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Proposed health order fails as Central District Health Board splits vote

The board voted 3-3 on the order, with board members from Boise, Elmore and Valley counties voting against it.

BOISE, Idaho — The Central District Health Board voted on Tuesday to reject a proposed district-wide public health order.

The board voted 3-3, with board members from Ada County voting in favor of the plan and board members from Boise, Elmore and Valley counties voting against it. Board Chair Betty Ann Nettleton, a retired nurse from Elmore County, could have broken the tie but she abstained, and the vote failed.

Existing orders in Ada and Valley counties, as well as the existing district-wide public health advisory, will remain in effect.

The proposed public health order, which was published to the public on Dec. 4, would enact new restrictions - primarily focused on mask usage and limiting gathering sizes - on individuals and businesses.

Dozens of protesters once again gathered outside the CDH office during the 30 minute-long meeting, with some banging drums and shouting "freedom," though no incidents were reported.

CDH Director Russ Duke began the meeting by urging the board to pass the order. He added that the majority of comments on the draft received by the board were in favor of it.

"Many people who expressed opposition to the order do not want businesses and schools to be shut down," Duke said. "This order does not shut anything down. In fact, one of the desired outcomes for implementing the order is to keep businesses and schools from having to shut down."

Duke added that 300 people within the district have already died from coronavirus-related illnesses, with 100 of them dying in the last 40 days.

"I believe we should do everything we can to maintain our health systems, and to try to reduce the number of people who get sick, who get hospitalized, and who die from COVID," he said. "It's not getting better. It's getting worse."

After the vote failed to gain a majority in favor of the order, board members from Boise, Elmore and Valley counties - who voted against the order - said they had received overwhelmingly negative feedback from people in their counties.

"You have to listen to the public, and the public is saying 'we don't want this,'" Valley County Commissioner Elting Hasbrouck said. "In Valley County, I think we've been doing a really good job. Our numbers are still pretty low and I don't feel like it's fair to go back to them and say, okay, we're going to put even more restrictions on and there is a possibility of a citation. 

"If we make everybody mad by passing a mandate, an order, when it comes to vaccinating people I think people are gonna dig in their heels and that's the last thing we need," he added.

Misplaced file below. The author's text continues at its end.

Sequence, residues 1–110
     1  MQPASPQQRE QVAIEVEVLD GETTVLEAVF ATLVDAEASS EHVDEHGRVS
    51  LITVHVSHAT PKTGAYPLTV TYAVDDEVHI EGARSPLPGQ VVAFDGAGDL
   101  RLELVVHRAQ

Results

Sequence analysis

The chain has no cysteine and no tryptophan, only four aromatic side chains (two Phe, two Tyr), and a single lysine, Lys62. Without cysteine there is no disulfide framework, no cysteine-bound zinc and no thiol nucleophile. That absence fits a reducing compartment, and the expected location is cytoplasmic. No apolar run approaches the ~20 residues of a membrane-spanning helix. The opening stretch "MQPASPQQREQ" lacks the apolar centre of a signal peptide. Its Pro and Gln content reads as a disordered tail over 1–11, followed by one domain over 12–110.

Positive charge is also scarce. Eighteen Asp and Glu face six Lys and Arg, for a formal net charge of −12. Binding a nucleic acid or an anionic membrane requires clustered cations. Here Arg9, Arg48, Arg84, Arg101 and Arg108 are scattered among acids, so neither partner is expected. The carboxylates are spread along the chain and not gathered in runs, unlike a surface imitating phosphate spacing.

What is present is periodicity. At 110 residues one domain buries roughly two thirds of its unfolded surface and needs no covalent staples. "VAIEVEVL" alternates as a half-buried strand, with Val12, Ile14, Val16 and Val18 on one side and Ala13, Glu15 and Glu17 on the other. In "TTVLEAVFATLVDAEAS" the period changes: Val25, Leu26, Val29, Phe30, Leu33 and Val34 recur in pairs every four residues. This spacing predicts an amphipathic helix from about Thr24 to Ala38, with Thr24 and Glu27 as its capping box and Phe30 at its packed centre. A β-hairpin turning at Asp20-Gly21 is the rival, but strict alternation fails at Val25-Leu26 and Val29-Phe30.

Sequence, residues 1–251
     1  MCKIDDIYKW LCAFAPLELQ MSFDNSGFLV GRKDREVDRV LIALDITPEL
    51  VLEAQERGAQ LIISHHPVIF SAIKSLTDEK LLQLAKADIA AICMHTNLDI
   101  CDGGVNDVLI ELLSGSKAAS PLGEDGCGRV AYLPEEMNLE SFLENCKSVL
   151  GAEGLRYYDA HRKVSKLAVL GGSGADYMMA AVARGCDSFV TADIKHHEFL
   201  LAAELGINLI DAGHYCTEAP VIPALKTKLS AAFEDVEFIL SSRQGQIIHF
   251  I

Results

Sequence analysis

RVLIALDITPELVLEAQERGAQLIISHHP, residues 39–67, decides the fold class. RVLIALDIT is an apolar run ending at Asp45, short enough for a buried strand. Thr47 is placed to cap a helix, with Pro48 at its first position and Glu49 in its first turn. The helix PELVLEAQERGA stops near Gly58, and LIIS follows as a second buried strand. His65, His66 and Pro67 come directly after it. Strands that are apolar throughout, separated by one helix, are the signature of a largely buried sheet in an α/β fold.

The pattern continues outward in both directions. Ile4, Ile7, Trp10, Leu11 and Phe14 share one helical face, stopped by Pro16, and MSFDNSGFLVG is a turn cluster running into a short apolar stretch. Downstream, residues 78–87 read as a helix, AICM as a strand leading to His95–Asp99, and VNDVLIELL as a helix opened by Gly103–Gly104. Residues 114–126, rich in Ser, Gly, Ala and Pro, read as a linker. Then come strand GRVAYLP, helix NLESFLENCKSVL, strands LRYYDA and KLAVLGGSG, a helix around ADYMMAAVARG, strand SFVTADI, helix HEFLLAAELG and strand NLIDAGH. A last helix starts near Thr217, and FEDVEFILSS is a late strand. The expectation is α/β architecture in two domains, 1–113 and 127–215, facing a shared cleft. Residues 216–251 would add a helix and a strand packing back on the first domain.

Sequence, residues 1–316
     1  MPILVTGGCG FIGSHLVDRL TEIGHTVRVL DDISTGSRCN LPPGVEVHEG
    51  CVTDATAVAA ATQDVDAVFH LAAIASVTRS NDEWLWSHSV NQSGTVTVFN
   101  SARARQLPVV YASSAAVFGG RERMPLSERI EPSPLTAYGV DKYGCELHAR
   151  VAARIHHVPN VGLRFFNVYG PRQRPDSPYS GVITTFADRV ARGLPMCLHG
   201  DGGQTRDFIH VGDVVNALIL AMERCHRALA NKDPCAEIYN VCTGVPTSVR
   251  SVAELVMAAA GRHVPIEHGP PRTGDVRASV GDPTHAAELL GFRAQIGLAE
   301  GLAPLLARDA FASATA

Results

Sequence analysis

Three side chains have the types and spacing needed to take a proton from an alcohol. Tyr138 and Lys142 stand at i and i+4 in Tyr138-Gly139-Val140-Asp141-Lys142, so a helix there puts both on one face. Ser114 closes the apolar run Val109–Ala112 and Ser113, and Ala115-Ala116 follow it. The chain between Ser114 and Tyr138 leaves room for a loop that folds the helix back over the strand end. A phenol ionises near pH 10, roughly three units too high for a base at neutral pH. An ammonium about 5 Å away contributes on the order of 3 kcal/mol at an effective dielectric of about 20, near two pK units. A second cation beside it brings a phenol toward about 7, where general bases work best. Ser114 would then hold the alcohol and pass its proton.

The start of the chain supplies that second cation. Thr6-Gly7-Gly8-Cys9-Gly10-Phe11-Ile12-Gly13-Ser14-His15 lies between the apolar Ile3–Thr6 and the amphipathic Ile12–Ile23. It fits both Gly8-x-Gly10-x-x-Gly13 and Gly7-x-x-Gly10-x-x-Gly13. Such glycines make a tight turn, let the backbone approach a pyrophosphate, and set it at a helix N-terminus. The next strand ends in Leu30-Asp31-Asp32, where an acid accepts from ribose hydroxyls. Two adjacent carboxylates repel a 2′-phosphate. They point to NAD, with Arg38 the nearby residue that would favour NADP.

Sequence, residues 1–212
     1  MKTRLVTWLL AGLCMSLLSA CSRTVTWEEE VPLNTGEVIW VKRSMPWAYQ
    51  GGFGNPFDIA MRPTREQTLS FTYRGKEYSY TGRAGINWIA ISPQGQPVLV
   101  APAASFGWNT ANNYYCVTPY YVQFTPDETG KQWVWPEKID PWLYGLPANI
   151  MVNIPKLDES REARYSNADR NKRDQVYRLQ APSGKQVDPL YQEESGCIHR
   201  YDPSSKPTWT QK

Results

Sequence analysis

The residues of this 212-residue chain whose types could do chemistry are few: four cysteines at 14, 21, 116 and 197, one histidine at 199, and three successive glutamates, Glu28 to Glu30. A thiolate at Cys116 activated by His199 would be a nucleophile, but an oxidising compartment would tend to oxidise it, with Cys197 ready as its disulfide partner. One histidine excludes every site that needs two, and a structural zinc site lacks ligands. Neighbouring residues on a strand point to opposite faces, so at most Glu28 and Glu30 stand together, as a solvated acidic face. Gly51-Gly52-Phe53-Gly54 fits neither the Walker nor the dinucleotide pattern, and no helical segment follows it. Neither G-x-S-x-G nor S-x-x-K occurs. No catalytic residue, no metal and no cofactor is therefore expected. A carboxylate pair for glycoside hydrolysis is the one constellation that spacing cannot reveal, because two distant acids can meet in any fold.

Rep. Megan Blanksma, who represents Elmore County on the board, said she has seen a "substantial uptick in people wearing masks" and worries that a mandate would be counterproductive.

"I think it's important that we start working on a message about cooperation, rather than compliance," Blanksma said. "And I think that if we start focusing on getting more cooperation, more public interest in different methods to help control the spread [of COVID-19], I think we're actually going to have a higher level of success and a lot less negative interaction when it comes to the public. 

"There was very, very little support for this order [in Elmore County]," Blanksma added. "And a whole lot of pushback on the idea that their representatives to the board might not carry the day, and other counties might be implementing orders for Elmore county and I think there was some frustration on that level."

She concluded by saying that, because the order failed, it's now important for the board "to really work hard" at finding cooperation when it comes to slowing the spread of the virus.

Ada County board member Diana Lachiondo, who had to leave last week's meeting due to protesters outside of her home, said that she recognized the frustration of those opposed to more restrictions.

"We understand how hard this is," she said. "But we are begging you to help us get through the next few months so that we don't end up in crisis standards of care. Please help us do what we need to do, so we can make it through into 2021 in better shape."

Last week, CDH met to vote on the proposed order but the meeting was cut after 15 minutes when hundreds of protesters gathered at the district's headquarters and some others went to the homes of at least two board members. The Boise Police Department and Boise Mayor Lauren McLean requested the meeting to end due to public safety concerns.

The revised public health order would have allowed youth and adult sporting events to go on, there would be more exemptions to the face mask mandate, visitations to long-term care facilities may continue under certain requirements, and bar top seating - at bars and restaurants - would be allowed so long as a barrier is in place between the customers and the bartenders. 

Both Boise Police and Idaho State Police said they would beef up their presence at CDH ahead of the meeting. 

“We are going to do everything we can to make sure that they have the ability to carry out their meeting,” Deputy Chief Ron Winegar said. “It can be relatively free from disruption or at least those disruptions will be managed.”

Credit: Logan Schenk / KTVB
Protesters gather outside Central District Health as board members vote on a proposed public health order on Tuesday, Dec. 15, 2020.

A spokesperson for CDH said the health district would any sound system or open flames on the property after some people have brought tiki torches to protests over the past few months. 

“I think we are certainly doing our best to be prepared for and helping them accomplish their goal of making that vote happen,” Winegar said.


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